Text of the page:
Mendocino Coast vineyard pilots regenerative ag certification
While the concepts behind regenerative agriculture are ancient, the effort to plant verifiable industry standards for such farm practices has been growing rapidly in recent years. And a Mendocino County wine grape grower and vintner is at the forefront of one such global effort to expand into the wine business.
In the Mendocino Ridge appellation overlooking California’s North Coast, Mariah Vineyards has become part of pilot project by Savory Institute to adapt its Land to Market third-party verification program to viticulture. The credential was received in June, and in October the winery released its first wine with that verification mark on the label.
According to the National Resources Defense Council, regenerative agriculture principles include “re-establishing relationships between people and land, building soil health, reducing or eliminating the use of harmful chemicals, growing diverse crops, holistic and humane livestock management, innovative and efficient use of resources, and equitable labor practices.”
Based in Boulder, Colorado, Savory Institute has confirmed that 39 million acres of farmland are being managed holistically according to the its ecological outcome verification protocol, which takes before-and-after measurements of above-ground and below-ground measures of soil health, biodiversity and ecosystem function.
“We were on a path for regeneration already,” said Michael Frey, son-in-law of Dan and Vicki Dooling, who started Mariah in 1979 with the first planting of vines.
Though the vineyard isn’t certified organic, the family has been farming it according to those standards, such as leaving vine rows untilled. The property has also been dry farmed, which means no additional irrigation is supplied during the season.
That has helped in the past two drought years, as the normal 100 inches of annual rainfall the property gets amounted to only 36 inches for the winter and spring of 2020-2021. Wine grape yields for the 2021 harvest were in line with normal, compared with reductions of up to half in other parts of Mendocino County.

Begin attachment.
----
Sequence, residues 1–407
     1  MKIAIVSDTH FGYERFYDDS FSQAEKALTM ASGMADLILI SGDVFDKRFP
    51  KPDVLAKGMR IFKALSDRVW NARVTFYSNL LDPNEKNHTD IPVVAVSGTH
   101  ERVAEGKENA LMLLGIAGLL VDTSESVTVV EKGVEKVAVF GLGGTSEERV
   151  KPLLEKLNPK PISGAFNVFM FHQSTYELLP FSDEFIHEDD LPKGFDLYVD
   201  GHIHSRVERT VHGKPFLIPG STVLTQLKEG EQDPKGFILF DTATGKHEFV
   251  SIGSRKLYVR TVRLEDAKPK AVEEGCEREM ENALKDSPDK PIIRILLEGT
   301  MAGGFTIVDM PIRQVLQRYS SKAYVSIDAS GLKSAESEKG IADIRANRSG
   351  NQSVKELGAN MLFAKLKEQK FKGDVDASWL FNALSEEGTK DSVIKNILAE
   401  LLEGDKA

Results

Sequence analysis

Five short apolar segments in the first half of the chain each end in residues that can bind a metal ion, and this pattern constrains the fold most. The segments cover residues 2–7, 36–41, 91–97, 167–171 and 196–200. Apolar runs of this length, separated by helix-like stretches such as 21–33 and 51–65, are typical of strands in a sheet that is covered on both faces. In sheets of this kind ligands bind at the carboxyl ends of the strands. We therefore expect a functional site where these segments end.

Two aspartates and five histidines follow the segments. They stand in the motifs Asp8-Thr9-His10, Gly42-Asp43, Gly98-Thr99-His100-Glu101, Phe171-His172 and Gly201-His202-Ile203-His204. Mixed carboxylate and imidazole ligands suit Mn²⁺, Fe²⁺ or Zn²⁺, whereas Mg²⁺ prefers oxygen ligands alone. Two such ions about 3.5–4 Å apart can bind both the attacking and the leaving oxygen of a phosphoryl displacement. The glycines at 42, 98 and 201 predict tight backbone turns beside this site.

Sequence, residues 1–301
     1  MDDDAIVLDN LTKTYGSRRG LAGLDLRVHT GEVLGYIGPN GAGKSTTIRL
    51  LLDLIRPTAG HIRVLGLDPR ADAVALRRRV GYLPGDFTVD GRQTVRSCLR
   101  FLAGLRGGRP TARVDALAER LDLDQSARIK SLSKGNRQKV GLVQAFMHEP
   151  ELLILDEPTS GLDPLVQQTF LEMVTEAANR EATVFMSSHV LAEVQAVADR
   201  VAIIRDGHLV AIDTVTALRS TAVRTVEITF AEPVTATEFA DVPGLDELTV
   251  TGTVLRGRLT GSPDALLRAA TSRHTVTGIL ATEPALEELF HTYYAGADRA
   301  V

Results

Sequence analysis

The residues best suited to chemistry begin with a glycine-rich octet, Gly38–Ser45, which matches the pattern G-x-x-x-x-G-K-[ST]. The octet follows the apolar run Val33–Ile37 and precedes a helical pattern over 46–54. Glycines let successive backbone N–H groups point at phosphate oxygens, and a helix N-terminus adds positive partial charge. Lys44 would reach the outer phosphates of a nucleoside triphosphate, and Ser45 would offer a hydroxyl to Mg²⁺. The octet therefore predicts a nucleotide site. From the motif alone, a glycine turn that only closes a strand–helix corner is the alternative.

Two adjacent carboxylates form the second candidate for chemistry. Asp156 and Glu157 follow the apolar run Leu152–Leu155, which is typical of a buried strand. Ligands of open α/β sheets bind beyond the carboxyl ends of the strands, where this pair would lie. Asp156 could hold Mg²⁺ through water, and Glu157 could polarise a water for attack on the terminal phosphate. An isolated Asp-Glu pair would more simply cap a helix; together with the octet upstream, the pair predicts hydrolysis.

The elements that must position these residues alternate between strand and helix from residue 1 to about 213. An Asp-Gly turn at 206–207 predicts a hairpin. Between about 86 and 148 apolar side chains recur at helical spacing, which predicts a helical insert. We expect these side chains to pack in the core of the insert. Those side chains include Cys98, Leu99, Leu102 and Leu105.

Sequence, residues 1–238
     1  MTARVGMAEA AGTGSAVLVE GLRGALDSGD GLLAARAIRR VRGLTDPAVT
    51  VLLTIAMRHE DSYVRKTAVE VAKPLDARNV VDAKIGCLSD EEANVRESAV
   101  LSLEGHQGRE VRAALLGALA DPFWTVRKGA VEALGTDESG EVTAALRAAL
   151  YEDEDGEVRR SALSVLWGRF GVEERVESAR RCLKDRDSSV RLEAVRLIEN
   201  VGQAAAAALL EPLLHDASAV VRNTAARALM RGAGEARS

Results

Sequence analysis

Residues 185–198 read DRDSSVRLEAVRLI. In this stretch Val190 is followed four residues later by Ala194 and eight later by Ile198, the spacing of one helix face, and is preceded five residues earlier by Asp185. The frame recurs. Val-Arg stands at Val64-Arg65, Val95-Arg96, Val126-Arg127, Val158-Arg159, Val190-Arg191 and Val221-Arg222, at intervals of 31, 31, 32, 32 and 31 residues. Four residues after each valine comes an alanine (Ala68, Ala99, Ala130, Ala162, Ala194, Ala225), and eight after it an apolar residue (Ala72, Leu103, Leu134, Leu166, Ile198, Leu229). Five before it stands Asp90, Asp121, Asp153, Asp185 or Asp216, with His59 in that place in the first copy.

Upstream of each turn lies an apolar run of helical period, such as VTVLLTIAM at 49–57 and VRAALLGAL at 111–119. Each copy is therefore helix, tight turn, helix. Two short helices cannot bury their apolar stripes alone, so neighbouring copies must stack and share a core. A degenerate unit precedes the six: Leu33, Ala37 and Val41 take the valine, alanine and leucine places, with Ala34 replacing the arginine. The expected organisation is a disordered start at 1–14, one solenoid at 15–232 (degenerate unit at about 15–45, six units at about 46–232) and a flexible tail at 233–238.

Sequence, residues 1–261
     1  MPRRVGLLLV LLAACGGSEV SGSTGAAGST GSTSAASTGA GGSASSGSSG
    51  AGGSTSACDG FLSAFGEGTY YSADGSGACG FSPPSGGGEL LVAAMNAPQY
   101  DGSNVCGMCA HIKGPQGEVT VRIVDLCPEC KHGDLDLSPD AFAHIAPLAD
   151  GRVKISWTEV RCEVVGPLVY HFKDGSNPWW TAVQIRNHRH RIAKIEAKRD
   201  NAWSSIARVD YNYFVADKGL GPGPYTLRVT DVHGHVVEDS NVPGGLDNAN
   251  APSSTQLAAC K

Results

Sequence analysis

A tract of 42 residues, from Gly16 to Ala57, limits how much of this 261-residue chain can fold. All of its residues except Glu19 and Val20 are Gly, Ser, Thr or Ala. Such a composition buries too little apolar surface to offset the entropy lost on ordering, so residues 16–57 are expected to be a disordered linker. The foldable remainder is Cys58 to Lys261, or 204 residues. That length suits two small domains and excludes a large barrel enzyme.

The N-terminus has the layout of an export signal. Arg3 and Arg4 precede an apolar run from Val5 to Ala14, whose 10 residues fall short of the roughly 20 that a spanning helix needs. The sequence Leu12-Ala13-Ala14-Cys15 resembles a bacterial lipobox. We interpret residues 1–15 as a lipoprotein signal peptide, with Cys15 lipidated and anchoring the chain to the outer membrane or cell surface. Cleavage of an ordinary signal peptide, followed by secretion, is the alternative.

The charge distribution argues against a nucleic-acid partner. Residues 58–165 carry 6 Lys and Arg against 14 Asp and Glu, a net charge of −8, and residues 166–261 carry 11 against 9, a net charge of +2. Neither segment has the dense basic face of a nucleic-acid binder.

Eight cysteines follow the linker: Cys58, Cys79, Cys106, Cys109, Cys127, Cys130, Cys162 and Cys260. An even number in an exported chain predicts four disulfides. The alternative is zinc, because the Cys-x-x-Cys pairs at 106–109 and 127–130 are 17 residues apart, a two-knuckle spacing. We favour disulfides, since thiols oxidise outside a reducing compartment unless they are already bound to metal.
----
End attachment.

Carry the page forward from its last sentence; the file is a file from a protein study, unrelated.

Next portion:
Because of the remote location, at an elevation of over 2,000 feet and about 5 miles from the Pacific Ocean, the 90-acre property with 30 planted vineyard acres has been run off only solar panels and batteries.
For Mariah, the Land to Market verification process started last year by working with Savor’s only California accreditor at the time, Jefferson Center for Holistic Management. Since then, White Buffalo Land Trust also has come on as a Land to Market accreditation hub for the Golden State.
The process required a couple of days of on-site baseline tests and surveys, including soil core samples and gauging how water percolates into the ground. Verification visits will be in three years and then every five years thereafter.
The family received a $5,000 grant to cover the testing cost, with the requirement to take online courses in holistic financial management, grazing and ecosystem management.
One of the biggest changes the family made after the first visit was to stop mowing under the vines, leaving the vegetation to grow, said daughter Nicole Dooling.
David Rizzo, chief operating officer of Land to Market, said the wine business is but one part of the role that agriculture can play in sequestering gases fingered for climate change and for restoring the soil.
“It requires action and support by wine consumers,” Rizzo said in a statement. “The Land to Market verified seal allows consumers to know that their purchase of Mariah Vineyards wines is making a positive impact on the planet.”
Consumer interest in certification of winery and vineyard sustainability practices is growing, according to research commissioned by the San Francisco-based industry advocacy group Wine Institute. Over two-thirds (71%) of U.S. wine drinkers surveyed in early 2020 said they would consider buying sustainably produced wine.
And millennials led other age groups in the poll on whether sustainably and environmentally produced wine warranted a premium price, with 9 in 10 “willing to pay” more for it. And that premium was $3 per bottle extra among all age groups.
The survey found that millennials and Generation Z drinking-age adults were most interested in certification for sustainable wine.
The U.S. wine business already has several certification programs related to sustainability. California Sustainable Winegrowing Alliance, a spinoff from Wine Institute, has certified sustainable. Sonoma County Winegrowers and California Land Stewardship Institute created climate adaptation certification. The institute runs the Fish Friendly Farming program. Other programs are Napa Green Winery, Napa Green Vineyard, Sustainability In Practice and Lodi Rules.
Jeff Quackenbush covers wine, construction and real estate. Before the Business Journal, he wrote for Bay City News Service in San Francisco. He has a degree from Walla Walla University. Reach him at firstname.lastname@example.org or 707-521-4256.